A coffee shop in Oakland, California, will no longer serve police officers in an effort to promote equal rights.
The Daily Wire reports that last month, Hasta Muerte, a newly opened coffee shop in the community, refused to serve Oakland Sgt. Robert Trevino. The cafe, which opened after a successful Kickstarter campaign, has a mural outside to memorialize Oscar Grant and others killed in police shootings.
The coffee collective announced that it would not be serving cops any longer because having a law enforcement presence “compromises our feeling of physical and emotional safety."
This is a community that feels less safe when cops show up. As a member of that community, Sgt. Trevino said that he was less interested in buying coffee and more interested in finding ways to build trust and establish a relationship with the coffee shop.
“I think their position is very clear that they don’t want the police in there, and I can respect that,” the sergeant in charge of the Oakland Police Academy told the paper. “If they do call the police for any need, we’re going to respond professionally and give them the same level of service as anyone else regardless of their position.”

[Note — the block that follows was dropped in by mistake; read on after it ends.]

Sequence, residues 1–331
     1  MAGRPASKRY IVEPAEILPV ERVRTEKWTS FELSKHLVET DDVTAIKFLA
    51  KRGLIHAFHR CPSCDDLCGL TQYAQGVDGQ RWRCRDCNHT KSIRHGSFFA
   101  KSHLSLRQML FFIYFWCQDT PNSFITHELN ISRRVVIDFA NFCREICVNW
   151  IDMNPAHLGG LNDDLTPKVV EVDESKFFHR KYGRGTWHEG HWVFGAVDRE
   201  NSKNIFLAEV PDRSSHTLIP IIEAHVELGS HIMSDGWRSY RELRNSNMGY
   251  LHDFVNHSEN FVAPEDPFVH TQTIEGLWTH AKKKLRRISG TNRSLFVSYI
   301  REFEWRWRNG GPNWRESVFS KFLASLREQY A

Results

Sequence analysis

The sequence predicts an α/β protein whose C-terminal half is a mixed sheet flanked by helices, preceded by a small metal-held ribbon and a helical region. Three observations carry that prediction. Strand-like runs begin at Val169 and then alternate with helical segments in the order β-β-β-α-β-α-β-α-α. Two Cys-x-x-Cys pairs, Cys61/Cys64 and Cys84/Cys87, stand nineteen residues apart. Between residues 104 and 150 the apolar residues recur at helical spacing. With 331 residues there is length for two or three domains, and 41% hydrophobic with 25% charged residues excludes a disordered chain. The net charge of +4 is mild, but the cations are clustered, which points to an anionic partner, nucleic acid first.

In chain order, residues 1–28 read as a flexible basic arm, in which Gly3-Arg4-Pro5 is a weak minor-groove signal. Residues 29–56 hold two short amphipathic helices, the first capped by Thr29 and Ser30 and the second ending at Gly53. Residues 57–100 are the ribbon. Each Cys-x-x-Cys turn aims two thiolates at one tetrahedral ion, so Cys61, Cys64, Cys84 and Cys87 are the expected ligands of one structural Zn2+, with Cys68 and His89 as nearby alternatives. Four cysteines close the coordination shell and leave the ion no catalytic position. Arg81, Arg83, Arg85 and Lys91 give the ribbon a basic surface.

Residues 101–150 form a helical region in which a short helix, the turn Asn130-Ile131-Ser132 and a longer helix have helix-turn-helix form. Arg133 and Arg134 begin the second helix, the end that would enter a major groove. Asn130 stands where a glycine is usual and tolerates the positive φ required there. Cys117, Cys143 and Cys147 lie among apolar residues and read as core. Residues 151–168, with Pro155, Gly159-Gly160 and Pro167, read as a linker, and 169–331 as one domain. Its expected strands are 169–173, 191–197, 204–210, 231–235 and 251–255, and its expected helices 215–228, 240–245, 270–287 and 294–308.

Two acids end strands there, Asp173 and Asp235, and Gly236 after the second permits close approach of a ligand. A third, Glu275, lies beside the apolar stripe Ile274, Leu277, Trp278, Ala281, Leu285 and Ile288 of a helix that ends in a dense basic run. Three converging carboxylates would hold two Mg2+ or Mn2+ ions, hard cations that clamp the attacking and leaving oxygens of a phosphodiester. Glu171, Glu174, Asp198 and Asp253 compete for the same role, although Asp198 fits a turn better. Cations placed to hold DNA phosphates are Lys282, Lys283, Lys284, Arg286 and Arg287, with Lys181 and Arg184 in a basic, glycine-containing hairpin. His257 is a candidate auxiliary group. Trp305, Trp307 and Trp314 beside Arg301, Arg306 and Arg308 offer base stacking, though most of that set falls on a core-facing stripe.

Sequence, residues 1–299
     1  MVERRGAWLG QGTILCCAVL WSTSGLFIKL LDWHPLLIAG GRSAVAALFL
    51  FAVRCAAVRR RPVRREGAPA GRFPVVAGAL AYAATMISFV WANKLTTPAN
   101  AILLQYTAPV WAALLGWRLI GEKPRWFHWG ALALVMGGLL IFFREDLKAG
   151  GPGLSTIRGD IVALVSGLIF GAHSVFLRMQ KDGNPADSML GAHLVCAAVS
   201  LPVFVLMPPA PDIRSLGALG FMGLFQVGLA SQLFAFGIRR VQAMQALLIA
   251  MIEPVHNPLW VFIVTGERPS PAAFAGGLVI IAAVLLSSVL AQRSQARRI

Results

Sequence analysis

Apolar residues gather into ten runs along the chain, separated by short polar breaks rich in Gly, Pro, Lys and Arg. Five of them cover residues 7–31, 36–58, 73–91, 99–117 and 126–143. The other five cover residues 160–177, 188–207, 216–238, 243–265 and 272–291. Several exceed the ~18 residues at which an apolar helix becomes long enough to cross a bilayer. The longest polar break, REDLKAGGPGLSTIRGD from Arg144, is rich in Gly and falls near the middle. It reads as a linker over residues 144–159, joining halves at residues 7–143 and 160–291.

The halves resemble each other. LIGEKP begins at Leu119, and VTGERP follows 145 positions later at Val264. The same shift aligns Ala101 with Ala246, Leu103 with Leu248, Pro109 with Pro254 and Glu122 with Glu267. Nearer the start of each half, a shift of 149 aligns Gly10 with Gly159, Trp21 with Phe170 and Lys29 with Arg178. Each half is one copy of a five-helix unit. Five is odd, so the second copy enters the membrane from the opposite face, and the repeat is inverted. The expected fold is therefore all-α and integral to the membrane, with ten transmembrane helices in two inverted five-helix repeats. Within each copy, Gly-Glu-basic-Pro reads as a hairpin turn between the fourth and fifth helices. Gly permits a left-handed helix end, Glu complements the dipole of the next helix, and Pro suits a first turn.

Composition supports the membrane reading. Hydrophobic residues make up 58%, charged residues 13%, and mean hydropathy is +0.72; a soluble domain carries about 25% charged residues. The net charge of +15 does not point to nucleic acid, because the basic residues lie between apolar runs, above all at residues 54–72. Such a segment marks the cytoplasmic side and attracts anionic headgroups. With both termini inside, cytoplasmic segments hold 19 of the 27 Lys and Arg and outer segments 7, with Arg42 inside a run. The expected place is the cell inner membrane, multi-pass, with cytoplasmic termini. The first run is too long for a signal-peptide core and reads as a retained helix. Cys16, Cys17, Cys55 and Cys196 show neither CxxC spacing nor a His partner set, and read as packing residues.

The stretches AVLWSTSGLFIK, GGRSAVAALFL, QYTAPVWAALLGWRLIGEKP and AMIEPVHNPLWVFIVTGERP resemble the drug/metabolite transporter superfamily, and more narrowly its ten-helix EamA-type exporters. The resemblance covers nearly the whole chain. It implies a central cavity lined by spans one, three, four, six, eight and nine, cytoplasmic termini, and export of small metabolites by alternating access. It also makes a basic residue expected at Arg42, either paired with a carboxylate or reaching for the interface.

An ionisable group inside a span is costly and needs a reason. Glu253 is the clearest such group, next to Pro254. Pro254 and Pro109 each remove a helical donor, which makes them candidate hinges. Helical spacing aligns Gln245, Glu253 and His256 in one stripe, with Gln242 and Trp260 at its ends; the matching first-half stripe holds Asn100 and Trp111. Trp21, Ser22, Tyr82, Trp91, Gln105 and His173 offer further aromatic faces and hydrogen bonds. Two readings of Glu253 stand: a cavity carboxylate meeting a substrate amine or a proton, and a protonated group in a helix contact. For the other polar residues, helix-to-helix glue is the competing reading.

The Oakland Police Department respects business owners right to serve anyone they choose. OPD along with other community members are reaching out to the business to have constructive dialogue in our efforts to unite our community #UNITE— Oakland Police Dept. (@oaklandpoliceca) March 9, 2018
The Oakland police appear to be committed to the point regardless of the coffee shop's stance and say the force's duty is to provide safety to the community. They have even added Hasta Muerte as an example in its racial diversity training program saying, "it doesn’t matter how people feel about the police, you have to treat everyone equally.”
Meanwhile, the coffee shop is unwavering in its stance although police officer supporters have tried publicly shaming them by submitting low ratings and reviews online. “We need the support of the actual community to keep this place safe, not police. Especially in an area faced by drug sales and abuse, homelessness and toxic masculinity as we see here on this block.”